top of page
  • Writer's pictureKathy Rumsey

Silence. More than just awkward.

I remember hearing my friend, Jen, tell the attached story to me the day after it happened. She was so upset at herself for remaining silent. I remember telling her that it totally makes that she didn't speak out. Having uncomfortable conversations is, well, uncomfortable, to say the least, especially given her situation.

Fast forward one year to just last week. I'm sitting in my hairstylist's chair for the first time in 15 weeks. Happy to be there (finally) and making small talk, I ask her how it has been with reopening the salon. Was she inundated with people wanting to get their hair done immediately and hoping she would work long hours? Was it hard being back on her feet all day every day after so much time off? None of that bothered her, she said. What bothered her was having to listen to everyone talk about current events. She said it gets hard, and that she likes to play devil's advocate and ask them if they ever consider a different view, but she doesn't always do that because she knows some will not take it well. Then she says, "like, the George Floyd issue. I'm not a police officer, and I don't think I should be talking about how officers should or should not do their job. And, I'm sorry, but if you can say the words 'I can't breathe,' you can breathe. Because you can't talk if you aren't breathing."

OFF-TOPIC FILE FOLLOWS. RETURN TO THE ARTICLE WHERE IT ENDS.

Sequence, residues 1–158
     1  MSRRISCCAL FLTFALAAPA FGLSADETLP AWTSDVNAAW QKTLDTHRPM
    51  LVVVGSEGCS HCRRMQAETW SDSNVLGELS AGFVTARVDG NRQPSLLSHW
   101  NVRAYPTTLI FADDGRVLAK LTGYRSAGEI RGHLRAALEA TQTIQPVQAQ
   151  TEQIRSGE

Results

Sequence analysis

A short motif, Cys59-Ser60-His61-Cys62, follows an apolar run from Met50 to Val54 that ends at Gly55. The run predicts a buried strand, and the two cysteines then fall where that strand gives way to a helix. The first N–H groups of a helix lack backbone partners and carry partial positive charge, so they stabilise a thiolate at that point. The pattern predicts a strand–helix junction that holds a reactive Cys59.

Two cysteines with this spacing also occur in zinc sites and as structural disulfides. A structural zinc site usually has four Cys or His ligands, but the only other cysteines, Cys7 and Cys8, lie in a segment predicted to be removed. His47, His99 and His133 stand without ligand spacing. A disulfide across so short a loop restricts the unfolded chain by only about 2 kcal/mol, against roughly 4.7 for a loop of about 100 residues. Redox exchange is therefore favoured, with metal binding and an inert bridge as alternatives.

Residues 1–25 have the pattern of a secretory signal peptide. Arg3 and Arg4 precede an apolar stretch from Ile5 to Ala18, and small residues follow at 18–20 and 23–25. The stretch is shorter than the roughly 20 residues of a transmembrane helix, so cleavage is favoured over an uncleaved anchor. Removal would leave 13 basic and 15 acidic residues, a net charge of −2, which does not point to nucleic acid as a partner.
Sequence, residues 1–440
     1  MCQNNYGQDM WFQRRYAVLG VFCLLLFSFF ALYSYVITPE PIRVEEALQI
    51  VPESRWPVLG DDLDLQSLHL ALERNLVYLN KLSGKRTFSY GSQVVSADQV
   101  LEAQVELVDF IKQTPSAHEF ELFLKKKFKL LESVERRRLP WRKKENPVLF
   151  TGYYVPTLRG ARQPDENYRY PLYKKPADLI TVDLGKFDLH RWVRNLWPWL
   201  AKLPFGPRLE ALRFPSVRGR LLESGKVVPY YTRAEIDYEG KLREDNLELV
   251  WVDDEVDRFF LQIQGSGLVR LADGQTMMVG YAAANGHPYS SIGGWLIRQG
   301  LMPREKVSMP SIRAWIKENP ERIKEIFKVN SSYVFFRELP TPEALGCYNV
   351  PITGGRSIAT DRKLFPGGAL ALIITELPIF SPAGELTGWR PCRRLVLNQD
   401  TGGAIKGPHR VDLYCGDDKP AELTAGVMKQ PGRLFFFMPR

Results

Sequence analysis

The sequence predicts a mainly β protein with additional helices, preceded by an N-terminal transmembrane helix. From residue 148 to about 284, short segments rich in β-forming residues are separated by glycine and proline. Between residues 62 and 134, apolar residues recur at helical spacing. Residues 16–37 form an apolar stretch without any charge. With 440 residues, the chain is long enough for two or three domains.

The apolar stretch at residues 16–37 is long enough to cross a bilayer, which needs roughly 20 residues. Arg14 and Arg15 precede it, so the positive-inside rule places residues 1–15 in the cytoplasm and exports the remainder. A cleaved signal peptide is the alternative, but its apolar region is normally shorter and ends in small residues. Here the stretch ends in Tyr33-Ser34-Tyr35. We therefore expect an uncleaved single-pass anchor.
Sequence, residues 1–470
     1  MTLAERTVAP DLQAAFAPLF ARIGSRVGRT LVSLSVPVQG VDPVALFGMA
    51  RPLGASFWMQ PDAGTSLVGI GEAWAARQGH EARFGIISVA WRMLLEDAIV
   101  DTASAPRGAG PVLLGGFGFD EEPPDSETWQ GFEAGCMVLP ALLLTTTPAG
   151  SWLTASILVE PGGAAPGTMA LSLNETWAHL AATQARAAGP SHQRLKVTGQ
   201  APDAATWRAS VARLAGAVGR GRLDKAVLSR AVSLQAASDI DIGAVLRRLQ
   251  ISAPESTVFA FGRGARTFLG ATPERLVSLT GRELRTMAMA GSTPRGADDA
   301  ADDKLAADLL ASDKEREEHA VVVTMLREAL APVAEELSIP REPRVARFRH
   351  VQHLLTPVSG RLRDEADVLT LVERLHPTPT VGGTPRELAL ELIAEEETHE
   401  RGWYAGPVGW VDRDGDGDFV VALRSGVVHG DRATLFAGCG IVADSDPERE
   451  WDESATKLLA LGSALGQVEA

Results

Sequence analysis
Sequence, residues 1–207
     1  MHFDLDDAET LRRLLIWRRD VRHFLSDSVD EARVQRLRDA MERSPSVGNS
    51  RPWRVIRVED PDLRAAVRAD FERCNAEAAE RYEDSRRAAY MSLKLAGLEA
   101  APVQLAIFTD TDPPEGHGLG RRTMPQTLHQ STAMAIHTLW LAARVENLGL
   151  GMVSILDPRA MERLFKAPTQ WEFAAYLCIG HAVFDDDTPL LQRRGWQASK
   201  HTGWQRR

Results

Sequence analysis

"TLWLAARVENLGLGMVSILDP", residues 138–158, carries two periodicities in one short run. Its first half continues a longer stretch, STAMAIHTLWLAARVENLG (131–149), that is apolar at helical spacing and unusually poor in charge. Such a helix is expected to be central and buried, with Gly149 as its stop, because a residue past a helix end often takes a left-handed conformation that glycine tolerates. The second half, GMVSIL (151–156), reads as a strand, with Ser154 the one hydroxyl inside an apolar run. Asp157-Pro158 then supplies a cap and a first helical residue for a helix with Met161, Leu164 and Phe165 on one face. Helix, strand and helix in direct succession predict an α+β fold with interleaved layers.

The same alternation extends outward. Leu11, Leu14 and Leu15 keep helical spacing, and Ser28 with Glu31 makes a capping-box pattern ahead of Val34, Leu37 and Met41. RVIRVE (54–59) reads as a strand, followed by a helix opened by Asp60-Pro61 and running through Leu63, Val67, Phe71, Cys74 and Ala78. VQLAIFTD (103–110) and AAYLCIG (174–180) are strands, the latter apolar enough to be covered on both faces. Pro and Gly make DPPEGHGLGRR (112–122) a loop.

Like Jen (in the attached article that I HIGHLY suggest you read), I sat in stunned silence and said nothing. I said nothing because the only thing I could think of to say in the moment was, "Are you (expletive) kidding me?" and I didn't think that would be conducive to a productive conversation. I just wanted her to finish my hair so I could leave.

On my drive home, the shame set in. Big time. I called a friend who knows this person, and I shared my experience and said I realize now I am part of the problem. My silence makes me complicit. So I am learning what to say and how to say it. Unfortunately, that was not the only conversation I've had in the past week about race, and it wasn't the most uncomfortable one either. It turns out that being silent is far more comfortable than having hard conversations about race and inequality with people you know and love. But in the long run, I know my silence only contributes to a problem I feel passionately about, so I'm ready for more difficult conversations whenever necessary.

48 views0 comments

Recent Posts

See All


bottom of page